11. It would be nice to know what kinda money you could expect say if there was no publicity/marketing included in the amount you could make. Just how much money purely from your crops/livestock would he expect to make.

  12. Loved the show. Curious to hear more about the “lake” and if it works. Here in Maine the ice is thick enough some people drive their pickups out on it on much bigger lakes that are pretty deep. What about this design is different? Would love to have an open pond with relatively warm water in it in the winter but I suspect that even if I keep the water moving it would be closure to 33 degrees than 54. I’m in zone 4. Thanks for taking the time to share some of your fun with us!

  13. Of course, Paul’s health is of paramount importance! I’m watching it closely (and praying for it – to the sun and nature) because I’m eagerly awaiting the time he get his land and implements the “wofati policy” (i.e., you build one – you can stay there for a year rent-free ;).

  14. Modern Survival

    @Vettezuki

    Starting a new thread as the old one has a tree no longer manageable. You asked,

    “Jack, let me ask a precise question to see if I understand something I feel you’re implying.

    T/F:
    A fully immersed permaculturist ought NOT take OPM to develop their business, but instead rely exclusively on their own money generating capacity to grow”

    Well yes and no, like most things in permaculture the answer is it depends. On the surface it is exactly that, screw “investors” in the permaculture field because they will ruin the whole damn thing, period the end.

    Then there is the other side, inside permaculture itself there is an entire economy, banking system, etc. being developed. Put it to you this way, permaculture is evolved thinking, current society exists as repressed thinking, so I would not let a repressed thinker and his money with in 10 miles of my evolved thinking system.

    To use OPM in permaculture would actually be on the gray side of an ethics violation. The investor would have to meet certain criteria to make it work, they would have to…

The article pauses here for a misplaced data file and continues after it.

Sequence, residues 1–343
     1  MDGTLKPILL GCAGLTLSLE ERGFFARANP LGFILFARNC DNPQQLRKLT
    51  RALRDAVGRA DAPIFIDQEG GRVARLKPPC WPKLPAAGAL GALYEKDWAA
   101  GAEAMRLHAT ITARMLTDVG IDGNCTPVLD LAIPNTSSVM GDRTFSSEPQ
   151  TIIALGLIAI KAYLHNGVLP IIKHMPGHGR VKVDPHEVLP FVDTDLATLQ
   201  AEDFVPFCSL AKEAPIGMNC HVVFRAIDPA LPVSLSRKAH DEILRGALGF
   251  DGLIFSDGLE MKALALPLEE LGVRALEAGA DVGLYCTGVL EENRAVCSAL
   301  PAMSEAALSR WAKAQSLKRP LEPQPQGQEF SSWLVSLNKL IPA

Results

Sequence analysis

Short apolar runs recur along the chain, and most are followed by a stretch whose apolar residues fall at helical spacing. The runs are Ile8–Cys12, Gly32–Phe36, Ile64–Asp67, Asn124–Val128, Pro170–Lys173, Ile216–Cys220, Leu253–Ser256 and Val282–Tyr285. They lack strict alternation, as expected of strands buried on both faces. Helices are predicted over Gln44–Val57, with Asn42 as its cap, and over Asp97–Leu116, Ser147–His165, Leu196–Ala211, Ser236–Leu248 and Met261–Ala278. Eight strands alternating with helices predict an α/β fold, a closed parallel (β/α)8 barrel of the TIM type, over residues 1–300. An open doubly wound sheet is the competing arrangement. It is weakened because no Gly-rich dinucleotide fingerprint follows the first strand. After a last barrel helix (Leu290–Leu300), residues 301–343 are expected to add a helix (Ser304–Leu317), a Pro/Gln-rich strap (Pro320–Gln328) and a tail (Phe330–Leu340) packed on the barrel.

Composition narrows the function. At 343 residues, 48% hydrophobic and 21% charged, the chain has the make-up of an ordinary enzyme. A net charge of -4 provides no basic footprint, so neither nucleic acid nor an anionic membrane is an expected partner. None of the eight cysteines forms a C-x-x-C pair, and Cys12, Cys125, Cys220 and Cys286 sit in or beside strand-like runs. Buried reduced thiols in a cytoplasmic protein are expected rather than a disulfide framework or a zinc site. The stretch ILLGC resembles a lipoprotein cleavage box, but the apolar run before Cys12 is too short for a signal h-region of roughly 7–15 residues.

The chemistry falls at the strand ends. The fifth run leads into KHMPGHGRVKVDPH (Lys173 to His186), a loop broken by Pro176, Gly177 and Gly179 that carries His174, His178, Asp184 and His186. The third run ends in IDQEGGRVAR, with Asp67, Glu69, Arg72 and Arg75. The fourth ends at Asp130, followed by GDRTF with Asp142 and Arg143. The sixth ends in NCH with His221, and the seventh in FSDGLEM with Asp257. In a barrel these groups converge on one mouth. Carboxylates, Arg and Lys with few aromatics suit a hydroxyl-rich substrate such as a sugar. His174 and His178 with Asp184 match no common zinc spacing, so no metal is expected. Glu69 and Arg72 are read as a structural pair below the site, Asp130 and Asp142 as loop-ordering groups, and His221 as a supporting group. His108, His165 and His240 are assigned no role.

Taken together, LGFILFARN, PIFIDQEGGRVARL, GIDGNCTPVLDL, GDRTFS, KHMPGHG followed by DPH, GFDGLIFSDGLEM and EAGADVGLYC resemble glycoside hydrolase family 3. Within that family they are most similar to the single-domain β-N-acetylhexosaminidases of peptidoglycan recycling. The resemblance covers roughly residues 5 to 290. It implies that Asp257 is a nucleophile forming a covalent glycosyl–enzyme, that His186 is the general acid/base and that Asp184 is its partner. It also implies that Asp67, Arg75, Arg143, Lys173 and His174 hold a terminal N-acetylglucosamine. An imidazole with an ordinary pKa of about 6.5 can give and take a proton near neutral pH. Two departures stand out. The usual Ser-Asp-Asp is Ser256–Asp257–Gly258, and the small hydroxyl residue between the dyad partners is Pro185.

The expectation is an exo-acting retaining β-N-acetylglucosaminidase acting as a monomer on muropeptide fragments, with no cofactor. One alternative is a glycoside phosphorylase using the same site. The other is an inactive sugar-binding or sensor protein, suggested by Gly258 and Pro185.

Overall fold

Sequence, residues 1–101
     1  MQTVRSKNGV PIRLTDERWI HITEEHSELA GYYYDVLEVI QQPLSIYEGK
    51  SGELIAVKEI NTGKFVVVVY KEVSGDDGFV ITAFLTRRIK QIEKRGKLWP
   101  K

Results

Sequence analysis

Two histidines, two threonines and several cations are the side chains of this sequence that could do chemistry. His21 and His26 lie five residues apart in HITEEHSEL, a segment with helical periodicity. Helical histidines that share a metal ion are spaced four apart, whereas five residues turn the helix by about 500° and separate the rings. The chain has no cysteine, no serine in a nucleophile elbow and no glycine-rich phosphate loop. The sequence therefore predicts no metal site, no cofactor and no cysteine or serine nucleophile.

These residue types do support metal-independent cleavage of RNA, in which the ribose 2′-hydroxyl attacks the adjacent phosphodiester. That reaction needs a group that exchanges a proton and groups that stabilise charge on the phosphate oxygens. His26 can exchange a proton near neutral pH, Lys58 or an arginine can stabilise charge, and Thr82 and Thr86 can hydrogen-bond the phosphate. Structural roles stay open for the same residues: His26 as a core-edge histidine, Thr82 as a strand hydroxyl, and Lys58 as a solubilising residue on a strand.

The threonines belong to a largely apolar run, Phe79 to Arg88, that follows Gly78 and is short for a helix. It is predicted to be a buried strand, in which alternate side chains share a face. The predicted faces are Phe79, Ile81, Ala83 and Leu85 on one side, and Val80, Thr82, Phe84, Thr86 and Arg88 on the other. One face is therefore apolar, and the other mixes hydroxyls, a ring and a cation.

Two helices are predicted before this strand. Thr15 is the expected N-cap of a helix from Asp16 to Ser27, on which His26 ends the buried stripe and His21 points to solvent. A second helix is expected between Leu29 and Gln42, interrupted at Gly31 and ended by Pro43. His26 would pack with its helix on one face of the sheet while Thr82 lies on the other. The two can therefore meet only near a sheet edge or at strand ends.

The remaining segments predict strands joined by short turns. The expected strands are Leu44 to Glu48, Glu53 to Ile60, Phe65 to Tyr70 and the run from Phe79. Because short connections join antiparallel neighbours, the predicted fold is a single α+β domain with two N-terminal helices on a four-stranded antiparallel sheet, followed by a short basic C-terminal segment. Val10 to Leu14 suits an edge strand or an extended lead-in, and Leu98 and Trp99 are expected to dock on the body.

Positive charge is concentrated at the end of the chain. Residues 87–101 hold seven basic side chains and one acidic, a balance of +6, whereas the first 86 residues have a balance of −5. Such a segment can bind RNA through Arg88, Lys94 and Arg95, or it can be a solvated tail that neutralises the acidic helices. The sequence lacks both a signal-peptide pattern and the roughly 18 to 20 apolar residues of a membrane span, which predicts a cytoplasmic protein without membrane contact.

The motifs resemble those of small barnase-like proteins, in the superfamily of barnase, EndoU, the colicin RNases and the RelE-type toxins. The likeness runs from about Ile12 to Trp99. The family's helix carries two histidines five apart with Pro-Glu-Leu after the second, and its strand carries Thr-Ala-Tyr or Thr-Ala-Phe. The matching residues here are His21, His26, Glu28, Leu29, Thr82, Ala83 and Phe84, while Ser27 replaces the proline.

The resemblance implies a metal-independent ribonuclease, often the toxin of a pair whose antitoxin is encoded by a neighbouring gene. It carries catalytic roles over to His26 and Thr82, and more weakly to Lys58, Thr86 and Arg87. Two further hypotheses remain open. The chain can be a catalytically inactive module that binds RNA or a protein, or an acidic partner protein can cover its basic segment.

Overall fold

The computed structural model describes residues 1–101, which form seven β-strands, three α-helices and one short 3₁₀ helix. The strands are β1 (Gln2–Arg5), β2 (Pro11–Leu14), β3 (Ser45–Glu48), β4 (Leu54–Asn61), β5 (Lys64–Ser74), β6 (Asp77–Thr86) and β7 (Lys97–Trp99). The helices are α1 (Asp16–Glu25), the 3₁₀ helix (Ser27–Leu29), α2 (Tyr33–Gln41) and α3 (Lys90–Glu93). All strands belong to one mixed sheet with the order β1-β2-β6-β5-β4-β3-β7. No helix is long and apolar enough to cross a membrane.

1. Completely believe in the prime directive, to the exclusion or extreme delay of profit if necessary.

    2. They would have to practice and believe in the three ethics, care of earth, care of people, return of surplus. Profit would have to come fifth behind the ethics and the directive. You may say that shows permaculute’s lack of ability to profit, it doesn’t it shows the lack of the limited thinking system to allow for permaculture to produce profit in nature’s timeline.

    Now if you found me investors that fit that role, I would be okay with them being used to fund projects. Funding permaculture though for now is best done by simply donating to those doing the work. People go into poverty stricken nations with a few grand in funding, barely enough to get them there and back and stop disease, provide good water and feed a village. The systems are put in place in months and last as long as people continue to maintain them.

    The facts are in this nation and in every developed one (and you KNOW this if you are as informed as you claim, noting I have NO REASON to doubt you are) once I take a true investor by LAW my primary duty becomes a “fiduciary responsibility to my share holders”. Again this is LAW and this law pertains equally to both public and private investments.

    Answering the question in court as to “why didn’t you make a profit for your shareholders via ________” with, “because doing so would have failed to take responsibility for our own existence and that of our children” sadly wouldn’t work.

    So you tell me how would anyone be able to really practice permaculture as an enlightened form of thinking while remaining legal in a repressed thinking system? How do I follow the 12 principals, the prime directive, the three ethics and do so in a way that puts my fiduciary responsibility to the investor first?

    The answer is it can’t be done the two worlds are in complete conflict. So the only way I would allow investor money into a permaculture system would be for it itself come come from permaculture source, governed first by care of earth, care of people, return of surplus and multi generational thinking.

    There are no such conventional investors!

  15. From my POV a portion of Permaculture’s “evolved” thinking is not at all new, but yet just another manifestation of an anti-capitalist mentality. I mean this here as a value free observation. But I have been unclear to the extent this is the case. Seems more extensive, or even endemic than I previously suspected. I know some of the newer just random practitioners I’ve read or watched videos on sound just like neo-Marxists, but I never quite got that feeling from Mollison. And of course Fukoka (one of Mollison’s prime inspirations AIR) never called himself a permaculturist TMK, and Holzer, who was definitely concerned with making money in the present from the beginning, who was just told he could use the word (never heard of it for the first decades of his operation) doesn’t seem to spend much if any time at all expounding on the directive and ethics.